Cisco Collaboration Summit: Driving Technology Adoption
The hard part is the cultural and management shifts--the stuff that ensures people will use all this new technology in the most effective, and cost-effective possible way.
This week, I attended Cisco's annual Collaboration Summit for analysts, consultants and partners. A lot of the content was heavy on marketing-speak, and light on new information. The truth is, the UC&C story hasn't changed much over the past few years; the goal of unifying a quiver of communications capabilities and then delivering them to end users on a variety of devices is still in play--and for most companies, out of reach. Cisco's emphasis on "mobility," "cloud" and "video," on "new ways of working" or "business process improvement," was what we heard two years ago, and will probably still be top of mind in two years.
Obviously, we've seen--and will continue to see--technology shifts. Mobile devices are driving the need for cloud services, and for different apps and pricing models. The increased use of video (as a content stream, not a communications medium) is a real phenomenon and has ramifications for the enterprise. But the bigger and more important trends are cultural: the steady increase in the number of virtual workers; the ways in which social media has changed personal interactions and expectations; the willingness of employees to blur the lines between home and work. And, like most cultural changes, those take time to shape the new world, and the technology we use to support it.
So let's accept that we are at the maturation point for UC&C (and S? we must include social), and that technology changes will be more incremental until the next big disrupter hits. And let's accept that now the hard part is the cultural and management shifts--the stuff that ensures people will use all this new technology in the most effective, and cost-effective possible way.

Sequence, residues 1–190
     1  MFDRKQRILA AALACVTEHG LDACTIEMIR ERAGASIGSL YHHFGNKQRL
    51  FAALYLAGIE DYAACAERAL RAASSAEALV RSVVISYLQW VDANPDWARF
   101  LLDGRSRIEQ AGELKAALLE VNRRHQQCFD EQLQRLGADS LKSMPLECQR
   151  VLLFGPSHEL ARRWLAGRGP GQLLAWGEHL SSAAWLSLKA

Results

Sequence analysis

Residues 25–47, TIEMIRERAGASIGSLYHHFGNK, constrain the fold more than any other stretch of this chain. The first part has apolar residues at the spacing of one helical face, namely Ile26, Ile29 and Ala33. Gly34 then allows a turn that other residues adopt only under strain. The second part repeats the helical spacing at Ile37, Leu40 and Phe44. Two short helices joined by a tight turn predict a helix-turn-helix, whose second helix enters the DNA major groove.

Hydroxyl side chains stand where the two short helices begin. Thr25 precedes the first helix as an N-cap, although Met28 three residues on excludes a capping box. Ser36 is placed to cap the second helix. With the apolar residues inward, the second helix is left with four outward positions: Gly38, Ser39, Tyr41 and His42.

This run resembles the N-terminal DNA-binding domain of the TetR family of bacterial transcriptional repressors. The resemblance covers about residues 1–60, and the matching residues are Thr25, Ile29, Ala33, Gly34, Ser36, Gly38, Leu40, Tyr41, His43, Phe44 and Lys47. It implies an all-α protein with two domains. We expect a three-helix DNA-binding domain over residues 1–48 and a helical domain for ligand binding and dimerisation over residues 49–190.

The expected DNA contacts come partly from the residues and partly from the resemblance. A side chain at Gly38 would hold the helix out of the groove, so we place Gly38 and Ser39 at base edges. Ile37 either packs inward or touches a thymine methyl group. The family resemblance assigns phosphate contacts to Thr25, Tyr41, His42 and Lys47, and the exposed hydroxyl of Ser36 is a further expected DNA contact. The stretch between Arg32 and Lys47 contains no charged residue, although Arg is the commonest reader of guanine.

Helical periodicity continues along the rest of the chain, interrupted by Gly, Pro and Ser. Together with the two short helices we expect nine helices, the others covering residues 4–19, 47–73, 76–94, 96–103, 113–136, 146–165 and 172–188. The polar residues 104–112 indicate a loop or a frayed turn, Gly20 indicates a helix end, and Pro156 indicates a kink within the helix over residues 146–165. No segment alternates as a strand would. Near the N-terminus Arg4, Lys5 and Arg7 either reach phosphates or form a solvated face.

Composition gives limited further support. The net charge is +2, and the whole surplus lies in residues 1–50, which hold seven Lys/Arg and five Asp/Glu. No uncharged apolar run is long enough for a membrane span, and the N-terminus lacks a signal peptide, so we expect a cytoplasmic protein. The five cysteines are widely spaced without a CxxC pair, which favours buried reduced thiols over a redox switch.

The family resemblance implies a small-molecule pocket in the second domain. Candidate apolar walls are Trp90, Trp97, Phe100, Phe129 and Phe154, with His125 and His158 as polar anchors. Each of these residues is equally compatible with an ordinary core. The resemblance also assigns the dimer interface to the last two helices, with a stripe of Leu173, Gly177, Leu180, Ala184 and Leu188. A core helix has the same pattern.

Perhaps the most compelling session was delivered by Hans Hwang, who talked about the critical importance of adoption of collaboration tools. There is a high cost to low adoption, he said--suboptimal ROI, lost collaboration benefits, and stalled strategic initiatives. And this is true especially now. Early adopters--both on a company level, and within a company--have already jumped on board; they've deployed and are using the technology. Now, as we start to see the mainstreaming of the technology, the newer users are less apt to use it; they weren't looking for it, they aren't inherently excited about it, and they aren't particularly inclined to change their behavior to embrace it. That requires a change in how you deploy the technology--you need to treat is as you would any other kind of new application or service, rather than as a user-driven, intuitive tool that people will clamor to use.
Hwang gave the example of a pharmaceutical company that deployed telepresence to reduce high travel costs, but they did it wrong: they limited the technology to executives, didn't tell people where it was located or how to use it, and didn't track the results. The project failed. Cisco wants to change that, and its new "Organization Network Analysis" should/could be of huge value to customers. The single biggest challenge to ROI isn't making the initial case; it's the post-deployment measurement: Is the technology doing what you thought it would? If not, why not, and what can you do to change that? Such analysis isn't easy, and it requires intense, high-level network and endpoint data analysis. But it's the best way to ensure success for new technology deployments, especially in the area of collaboration.
For cloud services, this level of analysis also makes it possible for vendors to improve their applications according to user needs and actions, without even asking those users what they want: They can see the patterns, then react and build accordingly--and send out the changes within weeks, rather than months or years.
Of course, Cisco/WebEx isn't doing that today, and they may never be able to move with the necessary agility to make such roll-outs work. But it's one more way analytics are becoming critical to communications and collaboration in the enterprise.